As we view the record, the evidence sustains the verdict, irrespective of how the jury may have arrived at it.
Regarding the issue of Steele's damages, even if we accept Steele's argument that the evidence shows he had at least $8,000.62 in uncontradicted damages, the jury was simply not required to believe that evidence. See Black v. Hodge, 306 S.C. 196, 198, 410 S.E.2d 595, 596 (Ct.App. 1991) (a trier of fact must not always believe uncontradicted testimony because "[t]here remains the question of the inherent probability of the testimony and the credibility of the witness or the interests of the witness in the result of the litigation").
Moreover, and as we indicated above, Steele's damages were not uncontested. There was evidence that Steele was involved in a previous accident that resulted in injuries similar to those that he claimed he sustained as a result of the accident in this case. Dillard disputed Steele's lost-wages claim by showing Steele could have performed other jobs for his employer but never asked to be allowed to do them. Further, Steele's personnel file showed his employer fired him because he failed to follow company policy regarding notification to the company of his reason for not returning to work.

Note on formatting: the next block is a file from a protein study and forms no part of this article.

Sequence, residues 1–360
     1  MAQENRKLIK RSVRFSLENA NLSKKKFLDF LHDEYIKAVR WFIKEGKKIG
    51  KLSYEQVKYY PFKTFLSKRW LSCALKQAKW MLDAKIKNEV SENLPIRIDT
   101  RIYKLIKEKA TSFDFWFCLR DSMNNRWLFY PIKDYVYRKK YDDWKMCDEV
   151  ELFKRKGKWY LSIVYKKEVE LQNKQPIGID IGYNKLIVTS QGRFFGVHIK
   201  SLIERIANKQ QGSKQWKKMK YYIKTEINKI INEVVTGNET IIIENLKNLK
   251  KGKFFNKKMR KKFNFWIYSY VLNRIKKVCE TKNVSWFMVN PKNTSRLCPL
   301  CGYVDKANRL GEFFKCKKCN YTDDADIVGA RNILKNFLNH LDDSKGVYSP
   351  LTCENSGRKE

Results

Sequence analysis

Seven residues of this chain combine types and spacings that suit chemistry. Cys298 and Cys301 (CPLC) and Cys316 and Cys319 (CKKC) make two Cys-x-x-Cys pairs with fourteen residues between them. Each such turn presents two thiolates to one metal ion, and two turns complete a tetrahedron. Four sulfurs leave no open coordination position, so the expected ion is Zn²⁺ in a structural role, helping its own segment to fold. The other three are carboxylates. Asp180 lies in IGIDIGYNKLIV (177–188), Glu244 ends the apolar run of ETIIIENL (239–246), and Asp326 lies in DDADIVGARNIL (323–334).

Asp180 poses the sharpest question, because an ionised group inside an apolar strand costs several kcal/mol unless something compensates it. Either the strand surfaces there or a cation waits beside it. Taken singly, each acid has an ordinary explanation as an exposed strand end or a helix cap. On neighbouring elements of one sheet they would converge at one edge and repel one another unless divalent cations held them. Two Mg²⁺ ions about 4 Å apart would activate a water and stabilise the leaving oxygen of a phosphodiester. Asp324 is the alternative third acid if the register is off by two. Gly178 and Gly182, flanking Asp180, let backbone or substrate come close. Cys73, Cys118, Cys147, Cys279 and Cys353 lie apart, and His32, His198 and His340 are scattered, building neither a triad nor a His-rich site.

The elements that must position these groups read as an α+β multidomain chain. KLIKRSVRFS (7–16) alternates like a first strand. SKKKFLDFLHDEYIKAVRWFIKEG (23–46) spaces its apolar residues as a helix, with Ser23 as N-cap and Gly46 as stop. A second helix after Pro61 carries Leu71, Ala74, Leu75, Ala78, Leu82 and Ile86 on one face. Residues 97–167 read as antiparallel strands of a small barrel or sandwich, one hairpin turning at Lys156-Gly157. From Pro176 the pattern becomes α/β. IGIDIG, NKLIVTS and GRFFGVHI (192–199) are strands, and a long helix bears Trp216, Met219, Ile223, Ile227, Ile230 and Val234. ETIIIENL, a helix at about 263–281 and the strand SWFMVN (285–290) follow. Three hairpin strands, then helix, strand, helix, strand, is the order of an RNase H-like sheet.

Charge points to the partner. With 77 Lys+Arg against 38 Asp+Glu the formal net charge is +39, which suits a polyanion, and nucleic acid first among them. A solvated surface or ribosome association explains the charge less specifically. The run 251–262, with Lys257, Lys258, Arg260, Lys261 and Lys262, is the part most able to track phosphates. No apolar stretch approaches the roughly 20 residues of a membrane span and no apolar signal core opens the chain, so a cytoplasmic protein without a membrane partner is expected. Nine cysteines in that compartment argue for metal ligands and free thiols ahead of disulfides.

Regarding the issue of Steele's own negligence, the jury could have found Steele was also negligent. Dillard testified she was not going fast and Steele stopped so abruptly there was nothing she could do to prevent the accident. The jury could have therefore found Steele was also negligent because he suddenly stopped his vehicle.
In sum, the record provides adequate support for the jury's award because it could have found (1) Steele negligent and then offset his damages by some percentage; (2) Steele free of negligence but disagreed with his evidence as to his damages; or (3) Steele negligent and disagreed with his evidence as to his damages. Because Steele has failed to show any resulting prejudice, we conclude the trial court did not abuse its discretion in refusing to submit special verdict forms to the jury.